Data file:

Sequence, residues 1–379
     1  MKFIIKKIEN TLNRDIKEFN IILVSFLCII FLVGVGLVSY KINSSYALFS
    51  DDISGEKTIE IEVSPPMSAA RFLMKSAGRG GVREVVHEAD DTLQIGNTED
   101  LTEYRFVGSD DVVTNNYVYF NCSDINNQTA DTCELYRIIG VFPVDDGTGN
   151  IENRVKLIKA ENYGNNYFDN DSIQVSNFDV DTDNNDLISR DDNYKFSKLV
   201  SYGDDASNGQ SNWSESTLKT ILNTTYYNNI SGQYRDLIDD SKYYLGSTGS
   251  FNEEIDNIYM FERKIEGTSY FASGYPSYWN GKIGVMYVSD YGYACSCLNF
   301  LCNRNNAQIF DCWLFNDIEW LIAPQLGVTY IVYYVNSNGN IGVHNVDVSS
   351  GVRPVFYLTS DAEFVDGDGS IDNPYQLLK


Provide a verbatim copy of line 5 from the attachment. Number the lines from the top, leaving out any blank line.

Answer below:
   151  IENRVKLIKA ENYGNNYFDN DSIQVSNFDV DTDNNDLISR DDNYKFSKLV